Another audience member later cut Byrd-Bennett off and shouted from the back of the room, “How do you sleep at night?”
Erica Clark with Parents 4 Teachers told board members she was opposed to all the proposed actions because, “As a parent, as a mother, every Chicago public school is my school."
Clark proceeded to read off the schools slated to close in alphabetical order, saying they were her schools too.
She made it to Nathaniel Pope Elementary School before her allotted time to speak was done. She sat down near the podium and continued reading off the list. Others clapped and began chanting, “Every school is my school” as security walked Clark out of the room.
Earlier this morning, activists also caused a ruckus when they entered the CPS lobby to demonstrate. Police and CPS security made the demonstrators leave, and CPS officials stopped letting people into the building temporarily.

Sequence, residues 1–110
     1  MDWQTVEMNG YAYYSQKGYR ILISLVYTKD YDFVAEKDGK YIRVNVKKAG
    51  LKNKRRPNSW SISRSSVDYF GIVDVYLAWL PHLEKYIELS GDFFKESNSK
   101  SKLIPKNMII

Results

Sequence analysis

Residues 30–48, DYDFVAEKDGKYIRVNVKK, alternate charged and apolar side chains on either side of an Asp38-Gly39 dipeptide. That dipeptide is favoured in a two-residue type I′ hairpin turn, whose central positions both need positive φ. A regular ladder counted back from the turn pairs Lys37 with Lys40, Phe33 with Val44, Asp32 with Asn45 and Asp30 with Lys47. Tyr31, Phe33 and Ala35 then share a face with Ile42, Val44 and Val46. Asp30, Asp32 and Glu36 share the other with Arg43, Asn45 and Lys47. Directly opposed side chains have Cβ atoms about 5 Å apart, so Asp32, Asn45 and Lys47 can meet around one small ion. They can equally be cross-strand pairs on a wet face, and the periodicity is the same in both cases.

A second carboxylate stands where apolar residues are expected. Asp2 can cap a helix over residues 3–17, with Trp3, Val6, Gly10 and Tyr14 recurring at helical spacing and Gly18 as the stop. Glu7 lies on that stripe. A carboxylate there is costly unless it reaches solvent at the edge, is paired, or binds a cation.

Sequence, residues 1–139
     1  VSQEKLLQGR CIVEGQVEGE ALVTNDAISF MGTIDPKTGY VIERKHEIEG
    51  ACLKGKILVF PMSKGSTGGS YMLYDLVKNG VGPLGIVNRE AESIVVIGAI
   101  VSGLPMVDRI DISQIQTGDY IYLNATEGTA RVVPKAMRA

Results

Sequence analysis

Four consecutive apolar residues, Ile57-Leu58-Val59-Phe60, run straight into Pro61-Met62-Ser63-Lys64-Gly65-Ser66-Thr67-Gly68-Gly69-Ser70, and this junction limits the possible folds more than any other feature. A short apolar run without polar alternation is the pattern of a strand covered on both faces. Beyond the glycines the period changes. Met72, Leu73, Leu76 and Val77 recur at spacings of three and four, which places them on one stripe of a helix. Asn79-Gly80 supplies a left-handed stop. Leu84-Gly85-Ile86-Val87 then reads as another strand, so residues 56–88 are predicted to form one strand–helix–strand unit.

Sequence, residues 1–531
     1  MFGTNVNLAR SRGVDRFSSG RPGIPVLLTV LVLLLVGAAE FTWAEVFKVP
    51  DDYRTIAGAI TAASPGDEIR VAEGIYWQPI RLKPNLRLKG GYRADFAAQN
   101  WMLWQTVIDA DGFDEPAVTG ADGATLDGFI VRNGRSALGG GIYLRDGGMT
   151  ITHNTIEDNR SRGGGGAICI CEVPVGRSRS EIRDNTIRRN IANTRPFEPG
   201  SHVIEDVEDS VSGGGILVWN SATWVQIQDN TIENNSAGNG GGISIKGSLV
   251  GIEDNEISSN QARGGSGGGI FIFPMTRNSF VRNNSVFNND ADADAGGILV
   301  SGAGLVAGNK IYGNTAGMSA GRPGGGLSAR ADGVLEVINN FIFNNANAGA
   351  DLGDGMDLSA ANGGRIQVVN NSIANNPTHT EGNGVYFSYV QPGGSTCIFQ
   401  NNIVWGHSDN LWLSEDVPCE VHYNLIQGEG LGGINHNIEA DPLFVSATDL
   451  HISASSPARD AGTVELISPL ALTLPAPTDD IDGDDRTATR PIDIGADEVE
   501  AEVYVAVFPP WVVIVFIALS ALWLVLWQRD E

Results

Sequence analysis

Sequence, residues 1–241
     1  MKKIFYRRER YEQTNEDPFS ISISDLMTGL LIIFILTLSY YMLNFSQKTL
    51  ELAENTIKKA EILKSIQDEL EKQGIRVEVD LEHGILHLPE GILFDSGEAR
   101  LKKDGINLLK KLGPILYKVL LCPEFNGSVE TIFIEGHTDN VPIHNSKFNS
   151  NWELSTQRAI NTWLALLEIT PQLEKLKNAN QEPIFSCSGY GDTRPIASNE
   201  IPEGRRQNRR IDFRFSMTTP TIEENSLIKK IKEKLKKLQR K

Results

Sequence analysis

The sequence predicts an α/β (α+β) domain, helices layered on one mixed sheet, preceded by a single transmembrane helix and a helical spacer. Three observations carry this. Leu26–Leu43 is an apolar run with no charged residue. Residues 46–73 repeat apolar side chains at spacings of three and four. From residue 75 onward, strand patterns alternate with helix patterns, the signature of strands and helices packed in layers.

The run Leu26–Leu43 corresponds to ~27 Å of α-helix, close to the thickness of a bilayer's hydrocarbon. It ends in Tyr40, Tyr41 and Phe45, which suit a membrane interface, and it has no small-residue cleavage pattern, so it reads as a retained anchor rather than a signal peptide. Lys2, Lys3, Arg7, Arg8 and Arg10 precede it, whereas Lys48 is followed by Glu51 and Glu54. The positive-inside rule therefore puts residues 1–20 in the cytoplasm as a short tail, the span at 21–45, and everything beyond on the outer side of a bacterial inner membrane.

Here’s a look at the protestors taking over the lobby:
Board member Mahalia Hines responded to the overwhelming concerns about student safety raised at today’s meeting.
“In many cases we have not stepped up like we should, and I’m talking about us as African Americans,” Hines said. “We talk about safety, I don’t care how many police we bring and what this board does, the kids are unsafe ... if it does not start in the home. These are somebody’s children.”
That comment did not sit well with Wendy Katten of Raise Your Hand For Illinois Public Education.